Knowing how to cook got me through 2020. So many days, I made a meal the central attraction of a day. I spent hours fixating in the topsy-turvy kitchen of my old basement apartment, where the cabinets practically slid off the walls and no range hooded the stove, my lungs filling with smoke as I browned meat. I burned my hands countless times slipping dishes in and out of the oven.
Since moving to Manhattan, I have cooked less. I sometimes will worry over how little I cook, fearing I might lose touch with the skill. For so long, cooking sustained my creative identity; it was a way I saw myself in the world. I cooked.
In 2020, I also read a lot about writing. I was coming into a rhythm, writing daily and beginning to feel comfortable calling myself a writer to a certain extent. I learned I am a writer for no other reason than because I write, but to improve (as much writing on writing suggests) I needed to write every day. I needed to survive on the craft. Since I like to be the best at things (in fact, I fear being anything but), getting serious about any one interest can mean letting it overtake me. A new pursuit may become a whole personality for a time. I throw myself at things.
So, I took the advice I was reading to heart. I sat down every morning and afternoon to write. I bought a stack of notebooks, each one for a different project, and began filling them with sketches and ideas. I stretched myself in multiple directions to see what would stick. Without question, the practice rewarded me. But the trouble came when there were days without enough time, or when something else crashed in and held my attention.
I grew irritable without time to write. A panic crept. After all I read about consistency as the key to improvement, I believed a break or an obstacle was the same thing as a weakness. As I learned to love and center my practice, I tore myself down at every pause.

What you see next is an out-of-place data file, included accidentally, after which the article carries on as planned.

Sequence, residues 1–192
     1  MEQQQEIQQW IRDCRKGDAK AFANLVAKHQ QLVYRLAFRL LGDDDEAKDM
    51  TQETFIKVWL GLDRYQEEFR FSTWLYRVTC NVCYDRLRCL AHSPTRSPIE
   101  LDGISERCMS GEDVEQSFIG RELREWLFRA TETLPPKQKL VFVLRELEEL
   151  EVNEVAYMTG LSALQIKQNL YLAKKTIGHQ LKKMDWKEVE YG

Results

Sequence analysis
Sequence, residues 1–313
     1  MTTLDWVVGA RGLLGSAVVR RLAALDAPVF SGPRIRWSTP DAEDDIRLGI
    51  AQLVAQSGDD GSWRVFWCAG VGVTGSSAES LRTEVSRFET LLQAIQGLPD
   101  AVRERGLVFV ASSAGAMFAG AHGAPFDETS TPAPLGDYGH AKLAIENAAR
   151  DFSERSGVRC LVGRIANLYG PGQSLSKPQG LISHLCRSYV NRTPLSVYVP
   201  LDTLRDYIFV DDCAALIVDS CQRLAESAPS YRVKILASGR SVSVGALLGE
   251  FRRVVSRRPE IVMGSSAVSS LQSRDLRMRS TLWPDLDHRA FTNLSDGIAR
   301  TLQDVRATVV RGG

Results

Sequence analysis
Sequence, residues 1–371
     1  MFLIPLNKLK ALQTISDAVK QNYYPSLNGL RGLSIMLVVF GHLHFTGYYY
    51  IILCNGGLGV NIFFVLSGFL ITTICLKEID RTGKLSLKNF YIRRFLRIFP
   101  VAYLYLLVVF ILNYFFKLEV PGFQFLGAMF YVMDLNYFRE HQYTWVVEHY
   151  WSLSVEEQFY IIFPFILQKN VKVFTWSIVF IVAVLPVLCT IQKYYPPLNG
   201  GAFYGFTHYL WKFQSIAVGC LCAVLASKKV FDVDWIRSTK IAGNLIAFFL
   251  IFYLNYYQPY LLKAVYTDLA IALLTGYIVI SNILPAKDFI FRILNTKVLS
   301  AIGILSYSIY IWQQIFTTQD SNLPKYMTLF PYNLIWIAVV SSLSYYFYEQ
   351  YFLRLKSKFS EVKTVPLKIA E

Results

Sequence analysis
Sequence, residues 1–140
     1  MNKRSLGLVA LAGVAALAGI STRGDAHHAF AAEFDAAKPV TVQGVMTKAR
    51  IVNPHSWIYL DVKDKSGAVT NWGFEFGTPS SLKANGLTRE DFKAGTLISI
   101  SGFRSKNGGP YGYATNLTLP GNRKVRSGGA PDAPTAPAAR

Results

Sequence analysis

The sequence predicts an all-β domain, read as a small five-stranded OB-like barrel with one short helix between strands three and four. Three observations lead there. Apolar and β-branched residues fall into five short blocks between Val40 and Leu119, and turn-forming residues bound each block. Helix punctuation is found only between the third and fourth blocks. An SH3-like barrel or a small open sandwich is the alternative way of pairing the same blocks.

Several weekends ago, I made dinner for some friends. A familiar process: a braise. I prepped for hours in the kitchen, rebuking shortcuts. What I love most about cooking is working with the senses — how there is nothing more valuable than observation and instinct.
I didn't start writing to be "successful," in the same way I don't cook to open a restaurant. I started writing because I needed to. Even as a child, I kept diary after diary. I needed an outlet to process pain and confusion, to celebrate and sit with my own insight.
It had been months since I'd cooked seriously, and though I moved more slowly than I might have had I been in more regular practice, my body and brain organized each other. I anticipated changes and worked proactively. Easefully, but deliberately, I fit steps and flavors together in my mind.
Being in touch with myself as a creative means honoring how many different pieces may coalesce. I possess varied creative interests and longings. Writing has been a way for me to make sense of them, to think and rethink, sifting through memory and crafting dreams. I know I am better at it when I am doing it often, but the fear that I will lose it if I keep it on hold for too long is just not based in reality.
Our creative practices continue to flourish when we rest from them. They wait ready for us to come back when we need; ready to help us gather our energy and learn to love them again; ready even to guide us to find something new, perhaps offering broader impacts than before.
When I cooked this meal, it had also been some time since I had written. And as I cooked I felt myself picking up dropped thoughts, mending and deepening them.
I wrote the next day.